We’re always delighted to report advancements, especially those with the potential to save lives/prevent substantial injury. A joint Dutch university project (Delft University of Technology, University Medical Center Groningen, and the University of Groningen) focusses on producing batteries that prevent major injury when they are ingested. These “future” batteries will automatically cut the electrical current that otherwise results in burns wherever the battery lands as it passes through, or gets lodged in, the body.
Currently batteries are a grave danger for society’s most vulnerable: young children and those with cognitive impairment. And don’t forget pets, who may gobble up (or inhale) anything within reach. The small ‘button’ ones are particularly appealing: conveniently the size of candy.
Until safer batteries become commercially available:
- Be aware of the batteries in your surroundings and ensure that any caregivers are alert to the dangers. Small batteries are everywhere. In remote controls, car keys and hearing aids, but also in toys, electric tea lights, musical greeting cards, scales, flashing balloons and children’s shoes. Be particularly careful with vintage items that were produced before safety regulations mandated locking devices. Question whether ‘novelty’ items are worth the risk (and environmental impact) of the batteries.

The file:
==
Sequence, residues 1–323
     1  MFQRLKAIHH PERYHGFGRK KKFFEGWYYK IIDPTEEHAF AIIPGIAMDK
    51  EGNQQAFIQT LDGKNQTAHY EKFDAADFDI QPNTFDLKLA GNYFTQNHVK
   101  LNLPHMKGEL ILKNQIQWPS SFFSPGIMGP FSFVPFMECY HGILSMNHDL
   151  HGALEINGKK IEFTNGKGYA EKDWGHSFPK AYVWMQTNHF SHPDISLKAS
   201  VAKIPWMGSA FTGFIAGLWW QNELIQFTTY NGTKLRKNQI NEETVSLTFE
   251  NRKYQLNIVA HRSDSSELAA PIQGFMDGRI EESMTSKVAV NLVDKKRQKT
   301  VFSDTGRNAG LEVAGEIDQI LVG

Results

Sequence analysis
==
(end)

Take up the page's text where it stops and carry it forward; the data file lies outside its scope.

- All batteries should be kept carefully, preferably in locked boxes and well out of reach of curious fingers. Even depleted batteries are a health hazard when ingested, so store them safely and recycle them as soon as possible.
And, just in case:
- Familiarize yourself with the signs of battery ingestion. They include, but are not limited to, vomiting blood, a sudden-onset cough, gagging or drooling, reduced appetite.
- Anyone suspected of swallowing a battery should get immediate medical care: this is always an emergency.
- Any patient suspected of having swallowed a battery should be given 10 ml of honey every 10 minutes while awaiting medical care (Except for babies ≤ 1 year and those with compromised immune systems). This may help reduce the damage, but endoscopic intervention is still required.
Medical Training Tools looks forward to having endoscopic retrieval of batteries be a less urgent item in our foreign-body removal training.
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